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Capcom's Latest Scheme: More Sequels, Shortened Development Time

| 5 Sep 2012 15:22
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Capcom's fiscal record wasn't stellar in 2012, but the company expects improvement thanks to after-sales policies.

Capcom's last fiscal year, ended March 2012, was not a happy one, with lower sales and profits as compared to the previous year. However Capcom hopes for improvement, and to achieve this it intends to get those sequels out there just as fast as it can. Its two strengths, according to the report, are its developer creativity and its back catalogue of world-class content. Capcom feels that the best way to make use of those strengths is to shorten development time as much as it can.

"Among the multitude of major titles held by Capcom," said COO Haruhiro Tsujimoto , "such as Monster Hunter, Street Fighter, Resident Evil, Devil May Cry, Lost Planet, Dead Rising and many others, we will promote shortening of the sales cycle in pursuit of further earnings stabilisation and growth." Capcom's current production rate is a launch every 3-4 years, and it intends to slash that time to 2.5 years. Capcom's about to hire an additional 1,000 staff over the next 10 years to help cope with what will be an increased workload. "In addition," Tsujimoto added, "we will increase the number of titles released in a single year and expand earnings using a hybrid development model whereby the core portions of the project are developed in-house by Capcom and the process-work is outsourced to outside development companies."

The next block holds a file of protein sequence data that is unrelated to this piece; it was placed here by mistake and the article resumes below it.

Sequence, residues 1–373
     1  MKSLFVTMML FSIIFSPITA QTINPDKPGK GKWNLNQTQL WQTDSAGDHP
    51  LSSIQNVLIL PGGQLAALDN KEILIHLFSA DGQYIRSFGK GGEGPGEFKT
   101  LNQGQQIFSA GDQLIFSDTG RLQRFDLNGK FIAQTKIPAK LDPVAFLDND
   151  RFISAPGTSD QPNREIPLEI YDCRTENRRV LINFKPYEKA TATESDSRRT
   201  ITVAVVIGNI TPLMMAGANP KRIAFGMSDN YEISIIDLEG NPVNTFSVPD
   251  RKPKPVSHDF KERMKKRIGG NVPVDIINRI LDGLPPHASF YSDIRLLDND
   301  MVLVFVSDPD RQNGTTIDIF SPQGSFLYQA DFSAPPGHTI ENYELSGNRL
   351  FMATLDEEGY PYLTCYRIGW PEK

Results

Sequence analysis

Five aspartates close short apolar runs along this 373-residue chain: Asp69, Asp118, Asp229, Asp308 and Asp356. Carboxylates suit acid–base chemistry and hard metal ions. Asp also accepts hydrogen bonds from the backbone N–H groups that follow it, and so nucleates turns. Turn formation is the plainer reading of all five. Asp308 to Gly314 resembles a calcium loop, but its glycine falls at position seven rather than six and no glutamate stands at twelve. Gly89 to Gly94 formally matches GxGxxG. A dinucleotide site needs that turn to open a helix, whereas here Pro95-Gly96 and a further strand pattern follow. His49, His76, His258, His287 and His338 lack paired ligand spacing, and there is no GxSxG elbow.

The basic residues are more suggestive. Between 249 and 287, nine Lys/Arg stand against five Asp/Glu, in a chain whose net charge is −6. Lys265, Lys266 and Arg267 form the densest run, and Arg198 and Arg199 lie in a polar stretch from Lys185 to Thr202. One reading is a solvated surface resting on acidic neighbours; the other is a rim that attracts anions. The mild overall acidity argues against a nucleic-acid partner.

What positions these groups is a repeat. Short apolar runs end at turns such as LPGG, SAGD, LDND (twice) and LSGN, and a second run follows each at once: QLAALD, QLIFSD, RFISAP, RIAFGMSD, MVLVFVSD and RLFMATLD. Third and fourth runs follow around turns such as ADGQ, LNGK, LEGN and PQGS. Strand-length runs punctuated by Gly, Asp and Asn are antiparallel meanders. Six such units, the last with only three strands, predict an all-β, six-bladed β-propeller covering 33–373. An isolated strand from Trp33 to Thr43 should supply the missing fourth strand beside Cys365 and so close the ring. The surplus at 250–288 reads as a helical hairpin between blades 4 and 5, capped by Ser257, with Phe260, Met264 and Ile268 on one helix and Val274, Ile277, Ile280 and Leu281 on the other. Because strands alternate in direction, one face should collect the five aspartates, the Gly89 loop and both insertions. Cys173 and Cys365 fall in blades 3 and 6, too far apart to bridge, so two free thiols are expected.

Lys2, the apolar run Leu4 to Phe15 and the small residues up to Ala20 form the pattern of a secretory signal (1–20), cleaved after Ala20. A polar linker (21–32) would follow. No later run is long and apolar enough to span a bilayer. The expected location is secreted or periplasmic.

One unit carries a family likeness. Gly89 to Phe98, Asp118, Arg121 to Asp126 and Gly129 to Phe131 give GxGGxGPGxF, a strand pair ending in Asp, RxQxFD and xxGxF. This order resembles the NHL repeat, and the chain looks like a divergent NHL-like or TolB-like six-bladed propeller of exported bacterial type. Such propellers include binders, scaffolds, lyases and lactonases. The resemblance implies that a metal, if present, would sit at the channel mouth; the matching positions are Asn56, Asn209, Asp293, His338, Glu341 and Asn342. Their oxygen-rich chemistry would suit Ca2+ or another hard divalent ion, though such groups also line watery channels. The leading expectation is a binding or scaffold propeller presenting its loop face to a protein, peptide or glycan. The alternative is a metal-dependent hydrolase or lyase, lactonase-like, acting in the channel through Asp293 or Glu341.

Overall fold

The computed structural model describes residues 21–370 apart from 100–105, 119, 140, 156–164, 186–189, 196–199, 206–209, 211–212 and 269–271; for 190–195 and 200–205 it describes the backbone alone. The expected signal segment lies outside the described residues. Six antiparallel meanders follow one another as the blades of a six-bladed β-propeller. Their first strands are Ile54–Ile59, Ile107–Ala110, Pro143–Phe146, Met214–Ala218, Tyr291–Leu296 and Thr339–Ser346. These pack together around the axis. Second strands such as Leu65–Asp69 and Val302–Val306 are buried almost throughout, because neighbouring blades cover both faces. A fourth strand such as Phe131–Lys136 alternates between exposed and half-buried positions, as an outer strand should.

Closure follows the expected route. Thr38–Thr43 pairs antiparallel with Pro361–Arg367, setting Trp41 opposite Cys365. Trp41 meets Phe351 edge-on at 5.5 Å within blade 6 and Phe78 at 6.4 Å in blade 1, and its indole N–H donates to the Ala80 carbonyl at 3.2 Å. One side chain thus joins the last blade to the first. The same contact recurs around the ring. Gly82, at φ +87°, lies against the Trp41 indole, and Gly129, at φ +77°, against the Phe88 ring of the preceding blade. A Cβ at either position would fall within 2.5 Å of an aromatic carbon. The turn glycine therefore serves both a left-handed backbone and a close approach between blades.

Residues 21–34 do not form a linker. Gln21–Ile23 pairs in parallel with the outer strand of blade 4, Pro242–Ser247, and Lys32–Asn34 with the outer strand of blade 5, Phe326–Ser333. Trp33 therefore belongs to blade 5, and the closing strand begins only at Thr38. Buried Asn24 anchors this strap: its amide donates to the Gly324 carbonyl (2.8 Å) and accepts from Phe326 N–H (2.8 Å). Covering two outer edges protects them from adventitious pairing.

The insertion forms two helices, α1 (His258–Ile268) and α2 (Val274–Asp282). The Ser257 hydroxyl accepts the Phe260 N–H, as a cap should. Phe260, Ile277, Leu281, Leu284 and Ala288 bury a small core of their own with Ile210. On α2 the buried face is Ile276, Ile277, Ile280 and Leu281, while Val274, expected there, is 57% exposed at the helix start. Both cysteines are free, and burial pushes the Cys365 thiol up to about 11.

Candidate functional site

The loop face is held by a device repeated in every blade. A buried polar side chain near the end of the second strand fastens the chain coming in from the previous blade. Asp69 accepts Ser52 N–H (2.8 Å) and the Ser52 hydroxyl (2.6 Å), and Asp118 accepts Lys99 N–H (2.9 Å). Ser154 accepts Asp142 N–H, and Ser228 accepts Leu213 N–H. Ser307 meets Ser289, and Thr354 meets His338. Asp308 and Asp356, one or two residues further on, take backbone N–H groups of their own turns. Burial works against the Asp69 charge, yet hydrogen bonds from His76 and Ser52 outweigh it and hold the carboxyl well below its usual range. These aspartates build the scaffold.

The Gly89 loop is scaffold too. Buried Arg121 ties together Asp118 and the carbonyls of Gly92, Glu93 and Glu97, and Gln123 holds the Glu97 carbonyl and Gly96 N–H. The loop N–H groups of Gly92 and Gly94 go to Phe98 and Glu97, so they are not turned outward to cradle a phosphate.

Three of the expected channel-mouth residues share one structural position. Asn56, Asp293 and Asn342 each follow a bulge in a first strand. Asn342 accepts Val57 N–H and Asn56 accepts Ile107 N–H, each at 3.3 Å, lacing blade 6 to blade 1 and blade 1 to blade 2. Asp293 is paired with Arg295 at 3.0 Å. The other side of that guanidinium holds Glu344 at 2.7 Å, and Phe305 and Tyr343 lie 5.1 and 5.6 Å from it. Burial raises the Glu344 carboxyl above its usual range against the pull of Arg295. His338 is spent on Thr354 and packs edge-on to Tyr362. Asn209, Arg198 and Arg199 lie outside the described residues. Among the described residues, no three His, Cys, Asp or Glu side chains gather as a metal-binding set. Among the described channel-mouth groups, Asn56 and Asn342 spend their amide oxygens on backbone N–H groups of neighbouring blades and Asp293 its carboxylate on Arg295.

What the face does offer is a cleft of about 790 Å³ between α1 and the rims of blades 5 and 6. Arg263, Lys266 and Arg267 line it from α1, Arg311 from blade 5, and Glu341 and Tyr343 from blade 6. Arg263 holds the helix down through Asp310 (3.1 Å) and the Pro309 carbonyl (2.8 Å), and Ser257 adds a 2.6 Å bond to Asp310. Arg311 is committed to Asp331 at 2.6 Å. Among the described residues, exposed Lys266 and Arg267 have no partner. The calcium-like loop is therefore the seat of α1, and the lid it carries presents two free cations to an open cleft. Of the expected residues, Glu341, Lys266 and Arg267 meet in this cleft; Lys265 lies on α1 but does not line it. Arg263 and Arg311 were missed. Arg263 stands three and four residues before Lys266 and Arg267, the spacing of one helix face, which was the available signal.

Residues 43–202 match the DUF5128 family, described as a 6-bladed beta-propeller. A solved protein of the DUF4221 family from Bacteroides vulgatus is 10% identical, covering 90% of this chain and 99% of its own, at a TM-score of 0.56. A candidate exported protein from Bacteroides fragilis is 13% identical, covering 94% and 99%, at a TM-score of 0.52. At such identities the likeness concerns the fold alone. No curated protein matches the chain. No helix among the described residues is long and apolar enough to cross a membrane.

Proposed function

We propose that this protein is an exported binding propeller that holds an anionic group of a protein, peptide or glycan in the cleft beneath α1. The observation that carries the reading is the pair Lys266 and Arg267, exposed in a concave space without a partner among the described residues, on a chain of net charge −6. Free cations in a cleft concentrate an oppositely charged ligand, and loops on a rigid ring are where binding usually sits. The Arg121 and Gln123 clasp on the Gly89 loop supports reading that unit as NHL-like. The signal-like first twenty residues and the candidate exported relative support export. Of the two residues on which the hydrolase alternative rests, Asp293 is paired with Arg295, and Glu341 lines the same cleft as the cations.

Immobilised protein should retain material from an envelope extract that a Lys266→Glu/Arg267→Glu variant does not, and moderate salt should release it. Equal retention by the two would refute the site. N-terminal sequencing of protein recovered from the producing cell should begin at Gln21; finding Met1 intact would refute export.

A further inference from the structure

Increased attention to after-sales profit opportunities is a big part of Capcom's strategy. Development teams will be working on sequels and DLC at the same time they're putting together the main launch. 15 titles in 10 years is their target, with popular content spreading out into every possible gaming niche. Smartphone apps, merch, concerts, film; Capcom intends to spread the love as much as physically possible.

"There is no doubt that the business environment is undergoing tremendous changes," Tsujimoto acknowledged, "However, I think these changes offer new opportunities for growth ... Traditional business ended with package games sold at stores, but now it begins after sales."

Source: Eurogamer, Capcom

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